For centuries people with maladies of any kind could look forward to a good dose of mercury, as the medical establishment had pretty much concluded that shiny things were good for people. This shipwreck made them think again.
Persistence is a trait often associated with officers of the law. But 19th century lawyer Herbert Armstrong found a far deadlier use for his doggedness by poisoning his wife and a rival solicitor. There’s just one catch: the man was no criminal mastermind.
Nobody was ever convicted in the 1982 Chicago Tylenol Murders. But in 1986, when two Seattle-area people died after ingesting Excedrin laced with cyanide, Stella Nickell was nabbed for the copycat crime; one of the victims was her husband. Nearly 30 years later, the case hasn’t gotten any less bizarre.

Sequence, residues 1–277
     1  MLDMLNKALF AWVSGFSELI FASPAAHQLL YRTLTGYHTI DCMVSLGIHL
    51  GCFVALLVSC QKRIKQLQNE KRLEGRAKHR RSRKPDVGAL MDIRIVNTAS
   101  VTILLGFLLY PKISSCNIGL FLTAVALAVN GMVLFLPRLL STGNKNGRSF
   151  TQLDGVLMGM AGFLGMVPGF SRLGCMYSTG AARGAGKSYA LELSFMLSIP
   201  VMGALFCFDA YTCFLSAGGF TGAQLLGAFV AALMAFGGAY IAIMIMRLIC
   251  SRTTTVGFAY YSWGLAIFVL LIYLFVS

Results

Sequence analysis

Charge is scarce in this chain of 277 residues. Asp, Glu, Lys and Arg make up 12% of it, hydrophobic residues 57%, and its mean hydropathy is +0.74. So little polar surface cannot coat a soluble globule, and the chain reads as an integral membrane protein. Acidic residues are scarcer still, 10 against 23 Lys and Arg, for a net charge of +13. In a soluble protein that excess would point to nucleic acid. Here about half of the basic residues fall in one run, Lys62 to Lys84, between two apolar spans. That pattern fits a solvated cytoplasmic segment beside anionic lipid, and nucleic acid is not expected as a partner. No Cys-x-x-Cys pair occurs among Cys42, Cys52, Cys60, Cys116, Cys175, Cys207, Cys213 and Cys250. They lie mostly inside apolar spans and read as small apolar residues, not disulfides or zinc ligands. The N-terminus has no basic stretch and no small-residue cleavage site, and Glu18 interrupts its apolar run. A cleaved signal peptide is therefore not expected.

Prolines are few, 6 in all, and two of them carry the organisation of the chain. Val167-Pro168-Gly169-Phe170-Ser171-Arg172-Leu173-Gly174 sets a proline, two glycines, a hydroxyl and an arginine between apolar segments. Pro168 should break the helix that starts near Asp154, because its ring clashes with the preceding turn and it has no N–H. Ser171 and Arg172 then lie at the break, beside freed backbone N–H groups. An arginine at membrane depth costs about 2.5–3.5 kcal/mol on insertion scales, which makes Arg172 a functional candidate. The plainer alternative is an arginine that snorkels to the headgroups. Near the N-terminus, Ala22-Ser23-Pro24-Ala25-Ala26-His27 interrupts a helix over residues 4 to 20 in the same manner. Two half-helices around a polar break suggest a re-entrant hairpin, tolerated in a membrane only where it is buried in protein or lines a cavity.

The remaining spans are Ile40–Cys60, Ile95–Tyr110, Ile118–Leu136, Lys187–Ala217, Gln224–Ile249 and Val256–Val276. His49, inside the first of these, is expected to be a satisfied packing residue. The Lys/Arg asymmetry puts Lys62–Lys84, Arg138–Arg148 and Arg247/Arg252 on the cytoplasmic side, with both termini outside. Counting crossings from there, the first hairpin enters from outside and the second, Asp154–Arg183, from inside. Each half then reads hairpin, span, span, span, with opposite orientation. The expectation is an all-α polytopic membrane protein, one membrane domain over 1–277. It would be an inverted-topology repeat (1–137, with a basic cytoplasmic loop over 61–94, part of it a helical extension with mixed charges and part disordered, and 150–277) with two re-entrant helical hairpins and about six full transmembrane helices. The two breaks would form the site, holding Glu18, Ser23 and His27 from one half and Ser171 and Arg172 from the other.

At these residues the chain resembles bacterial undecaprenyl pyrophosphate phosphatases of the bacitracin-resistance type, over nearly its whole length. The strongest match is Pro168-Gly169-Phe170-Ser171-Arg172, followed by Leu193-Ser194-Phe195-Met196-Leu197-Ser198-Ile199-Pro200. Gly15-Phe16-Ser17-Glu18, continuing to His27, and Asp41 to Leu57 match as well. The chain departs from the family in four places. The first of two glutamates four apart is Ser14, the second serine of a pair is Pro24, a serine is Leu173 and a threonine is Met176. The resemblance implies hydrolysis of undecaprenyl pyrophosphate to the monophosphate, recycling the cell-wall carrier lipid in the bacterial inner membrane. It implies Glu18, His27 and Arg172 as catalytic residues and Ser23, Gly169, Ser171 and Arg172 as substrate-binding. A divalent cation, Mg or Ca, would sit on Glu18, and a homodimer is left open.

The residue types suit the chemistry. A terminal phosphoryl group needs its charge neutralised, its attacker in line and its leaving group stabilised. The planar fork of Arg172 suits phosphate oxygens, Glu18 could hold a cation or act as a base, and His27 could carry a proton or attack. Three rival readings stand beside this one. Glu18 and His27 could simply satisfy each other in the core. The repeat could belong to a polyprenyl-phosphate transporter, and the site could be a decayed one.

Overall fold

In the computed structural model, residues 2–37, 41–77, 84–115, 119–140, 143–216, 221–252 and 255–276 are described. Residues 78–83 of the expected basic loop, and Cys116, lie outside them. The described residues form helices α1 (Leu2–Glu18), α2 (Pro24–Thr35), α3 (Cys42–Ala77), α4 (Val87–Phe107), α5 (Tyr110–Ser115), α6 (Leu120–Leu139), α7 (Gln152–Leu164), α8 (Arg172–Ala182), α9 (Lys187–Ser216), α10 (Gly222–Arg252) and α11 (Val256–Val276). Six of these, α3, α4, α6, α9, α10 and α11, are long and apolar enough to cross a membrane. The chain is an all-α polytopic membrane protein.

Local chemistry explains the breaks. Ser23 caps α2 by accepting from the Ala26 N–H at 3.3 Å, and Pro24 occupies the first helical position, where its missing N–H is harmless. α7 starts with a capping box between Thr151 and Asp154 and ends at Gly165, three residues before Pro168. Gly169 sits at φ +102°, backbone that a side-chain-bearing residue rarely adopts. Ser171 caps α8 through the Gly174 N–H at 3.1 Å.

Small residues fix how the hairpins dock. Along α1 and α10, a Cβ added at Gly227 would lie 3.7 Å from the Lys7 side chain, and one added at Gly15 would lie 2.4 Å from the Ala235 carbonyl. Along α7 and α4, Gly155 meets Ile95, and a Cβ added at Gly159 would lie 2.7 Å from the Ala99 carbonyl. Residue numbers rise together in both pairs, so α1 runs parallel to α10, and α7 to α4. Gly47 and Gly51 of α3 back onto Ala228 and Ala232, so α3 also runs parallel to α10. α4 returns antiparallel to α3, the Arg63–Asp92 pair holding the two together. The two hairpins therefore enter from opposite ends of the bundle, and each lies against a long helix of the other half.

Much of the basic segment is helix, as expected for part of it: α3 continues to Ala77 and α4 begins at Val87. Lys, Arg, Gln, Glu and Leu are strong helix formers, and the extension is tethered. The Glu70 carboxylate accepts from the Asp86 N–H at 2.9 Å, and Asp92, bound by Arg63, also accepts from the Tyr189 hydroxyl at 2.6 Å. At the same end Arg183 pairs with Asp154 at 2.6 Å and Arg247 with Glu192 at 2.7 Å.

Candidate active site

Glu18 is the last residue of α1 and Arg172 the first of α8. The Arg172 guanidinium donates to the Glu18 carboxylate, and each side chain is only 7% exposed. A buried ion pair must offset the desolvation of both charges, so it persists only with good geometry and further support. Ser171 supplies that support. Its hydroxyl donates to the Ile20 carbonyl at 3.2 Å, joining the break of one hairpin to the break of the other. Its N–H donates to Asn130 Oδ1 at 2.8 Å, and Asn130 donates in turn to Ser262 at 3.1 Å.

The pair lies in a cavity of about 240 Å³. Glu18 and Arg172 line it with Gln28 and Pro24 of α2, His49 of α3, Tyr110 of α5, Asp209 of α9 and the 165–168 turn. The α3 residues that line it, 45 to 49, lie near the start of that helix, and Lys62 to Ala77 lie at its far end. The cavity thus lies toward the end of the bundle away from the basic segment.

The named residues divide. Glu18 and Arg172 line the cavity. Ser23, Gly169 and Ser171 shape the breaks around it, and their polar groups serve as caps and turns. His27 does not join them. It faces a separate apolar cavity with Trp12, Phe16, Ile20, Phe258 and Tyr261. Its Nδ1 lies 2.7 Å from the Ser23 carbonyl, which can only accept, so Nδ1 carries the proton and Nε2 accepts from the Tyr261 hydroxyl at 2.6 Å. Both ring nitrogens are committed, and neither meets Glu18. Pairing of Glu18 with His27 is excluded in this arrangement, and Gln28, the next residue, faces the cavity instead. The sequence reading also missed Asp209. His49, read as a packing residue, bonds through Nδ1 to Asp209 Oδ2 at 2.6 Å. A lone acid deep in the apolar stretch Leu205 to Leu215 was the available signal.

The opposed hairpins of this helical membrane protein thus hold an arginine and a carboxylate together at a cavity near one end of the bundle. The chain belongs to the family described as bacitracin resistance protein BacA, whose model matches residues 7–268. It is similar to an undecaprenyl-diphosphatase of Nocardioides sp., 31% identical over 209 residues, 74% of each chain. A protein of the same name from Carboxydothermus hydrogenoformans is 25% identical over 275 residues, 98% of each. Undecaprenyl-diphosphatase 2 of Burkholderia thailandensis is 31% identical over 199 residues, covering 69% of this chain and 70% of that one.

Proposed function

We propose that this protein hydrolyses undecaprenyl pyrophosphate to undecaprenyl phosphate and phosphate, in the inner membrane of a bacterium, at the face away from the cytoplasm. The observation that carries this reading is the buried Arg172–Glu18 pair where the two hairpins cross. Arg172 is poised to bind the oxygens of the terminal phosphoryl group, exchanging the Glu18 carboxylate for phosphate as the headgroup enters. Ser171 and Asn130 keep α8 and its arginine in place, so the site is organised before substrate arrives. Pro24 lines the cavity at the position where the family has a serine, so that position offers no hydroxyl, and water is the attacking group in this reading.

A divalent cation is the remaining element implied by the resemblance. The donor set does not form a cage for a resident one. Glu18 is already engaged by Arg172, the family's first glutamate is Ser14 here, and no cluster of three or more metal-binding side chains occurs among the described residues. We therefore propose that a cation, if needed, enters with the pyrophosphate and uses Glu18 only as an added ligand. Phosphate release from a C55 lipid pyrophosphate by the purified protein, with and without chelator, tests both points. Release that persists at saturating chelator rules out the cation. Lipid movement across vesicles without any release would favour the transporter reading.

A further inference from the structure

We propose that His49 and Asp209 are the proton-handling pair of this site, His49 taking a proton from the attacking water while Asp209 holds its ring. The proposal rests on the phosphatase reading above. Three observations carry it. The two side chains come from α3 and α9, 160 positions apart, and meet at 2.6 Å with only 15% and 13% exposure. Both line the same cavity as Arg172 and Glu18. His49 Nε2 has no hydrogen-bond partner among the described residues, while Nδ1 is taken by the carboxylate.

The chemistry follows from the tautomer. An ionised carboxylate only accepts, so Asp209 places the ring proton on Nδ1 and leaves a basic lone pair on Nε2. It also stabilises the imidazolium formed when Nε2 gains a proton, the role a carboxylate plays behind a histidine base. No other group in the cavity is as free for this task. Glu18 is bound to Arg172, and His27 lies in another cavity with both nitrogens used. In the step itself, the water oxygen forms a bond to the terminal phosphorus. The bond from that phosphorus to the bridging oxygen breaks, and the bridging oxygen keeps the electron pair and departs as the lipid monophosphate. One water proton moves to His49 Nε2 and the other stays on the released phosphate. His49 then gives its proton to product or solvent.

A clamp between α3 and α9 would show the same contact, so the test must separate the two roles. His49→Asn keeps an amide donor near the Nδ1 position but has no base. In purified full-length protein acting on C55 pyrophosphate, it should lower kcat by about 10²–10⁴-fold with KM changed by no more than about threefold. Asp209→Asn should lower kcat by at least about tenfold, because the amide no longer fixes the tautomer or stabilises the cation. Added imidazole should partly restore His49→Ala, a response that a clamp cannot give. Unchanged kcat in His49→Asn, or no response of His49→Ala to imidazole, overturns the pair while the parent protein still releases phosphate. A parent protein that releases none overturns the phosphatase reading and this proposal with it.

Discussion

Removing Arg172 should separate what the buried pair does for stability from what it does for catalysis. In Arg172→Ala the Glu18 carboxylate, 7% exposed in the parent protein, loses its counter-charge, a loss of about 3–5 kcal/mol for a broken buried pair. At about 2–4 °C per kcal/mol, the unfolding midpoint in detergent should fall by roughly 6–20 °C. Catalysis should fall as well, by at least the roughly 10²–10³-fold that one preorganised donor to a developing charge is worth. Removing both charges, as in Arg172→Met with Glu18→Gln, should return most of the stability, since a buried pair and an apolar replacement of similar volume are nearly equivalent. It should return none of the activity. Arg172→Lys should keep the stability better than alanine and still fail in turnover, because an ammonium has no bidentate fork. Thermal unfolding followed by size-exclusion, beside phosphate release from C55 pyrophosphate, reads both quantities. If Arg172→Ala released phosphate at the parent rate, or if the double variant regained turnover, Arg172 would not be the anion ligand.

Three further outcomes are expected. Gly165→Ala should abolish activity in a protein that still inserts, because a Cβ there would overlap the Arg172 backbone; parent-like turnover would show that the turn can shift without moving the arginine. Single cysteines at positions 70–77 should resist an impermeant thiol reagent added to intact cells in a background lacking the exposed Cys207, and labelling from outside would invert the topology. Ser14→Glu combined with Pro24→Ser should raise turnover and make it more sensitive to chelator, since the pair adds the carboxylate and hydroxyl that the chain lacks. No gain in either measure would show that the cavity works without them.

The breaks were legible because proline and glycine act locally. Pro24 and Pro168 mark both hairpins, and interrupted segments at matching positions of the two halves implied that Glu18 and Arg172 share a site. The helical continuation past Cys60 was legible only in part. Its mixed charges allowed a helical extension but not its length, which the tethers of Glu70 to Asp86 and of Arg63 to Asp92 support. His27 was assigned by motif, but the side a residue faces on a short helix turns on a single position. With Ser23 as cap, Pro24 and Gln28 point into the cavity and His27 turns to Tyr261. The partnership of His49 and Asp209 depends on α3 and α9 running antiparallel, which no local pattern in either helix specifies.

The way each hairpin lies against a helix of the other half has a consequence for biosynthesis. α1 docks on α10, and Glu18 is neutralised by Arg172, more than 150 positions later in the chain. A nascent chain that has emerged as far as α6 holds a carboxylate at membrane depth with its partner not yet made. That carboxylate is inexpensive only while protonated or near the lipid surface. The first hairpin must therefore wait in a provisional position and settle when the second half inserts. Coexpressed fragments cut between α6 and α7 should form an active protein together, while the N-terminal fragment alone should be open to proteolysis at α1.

As regular Happy Hour readers know, there's nothing we like more than finding new, innovative, and fun approaches to drinking. But there's a darker side that must be acknowledged. Specifically, you can poison yourself and die.
Europe is dealing with a widespread outbreak of food poisoning that has claimed the lives of 17 people. Those who are sick may have been infected with a mutant strain of E. Coli that produces a super-glue to make it extra deadly.
Wintek, who supplies touchscreen components to Apple for the iPhone and iPod touch, just got "exposed" for "hazardous work conditions." One of the most severe conditions? N-hexane poisoning, which the company illegally used instead of alcohol to clean screens.